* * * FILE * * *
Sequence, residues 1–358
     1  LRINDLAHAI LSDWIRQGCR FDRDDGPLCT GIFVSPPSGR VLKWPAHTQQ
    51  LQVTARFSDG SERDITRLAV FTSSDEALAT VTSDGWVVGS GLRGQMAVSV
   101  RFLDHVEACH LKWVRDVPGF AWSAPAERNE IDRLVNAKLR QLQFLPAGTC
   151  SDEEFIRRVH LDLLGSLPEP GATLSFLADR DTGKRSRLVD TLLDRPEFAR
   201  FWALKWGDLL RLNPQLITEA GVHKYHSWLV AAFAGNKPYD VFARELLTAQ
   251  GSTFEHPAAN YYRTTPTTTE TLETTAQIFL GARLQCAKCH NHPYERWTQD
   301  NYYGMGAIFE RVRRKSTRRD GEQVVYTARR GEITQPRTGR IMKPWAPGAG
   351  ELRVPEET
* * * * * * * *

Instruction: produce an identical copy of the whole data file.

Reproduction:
Sequence, residues 1–358
     1  LRINDLAHAI LSDWIRQGCR FDRDDGPLCT GIFVSPPSGR VLKWPAHTQQ
    51  LQVTARFSDG SERDITRLAV FTSSDEALAT VTSDGWVVGS GLRGQMAVSV
   101  RFLDHVEACH LKWVRDVPGF AWSAPAERNE IDRLVNAKLR QLQFLPAGTC
   151  SDEEFIRRVH LDLLGSLPEP GATLSFLADR DTGKRSRLVD TLLDRPEFAR
   201  FWALKWGDLL RLNPQLITEA GVHKYHSWLV AAFAGNKPYD VFARELLTAQ
   251  GSTFEHPAAN YYRTTPTTTE TLETTAQIFL GARLQCAKCH NHPYERWTQD
   301  NYYGMGAIFE RVRRKSTRRD GEQVVYTARR GEITQPRTGR IMKPWAPGAG
   351  ELRVPEET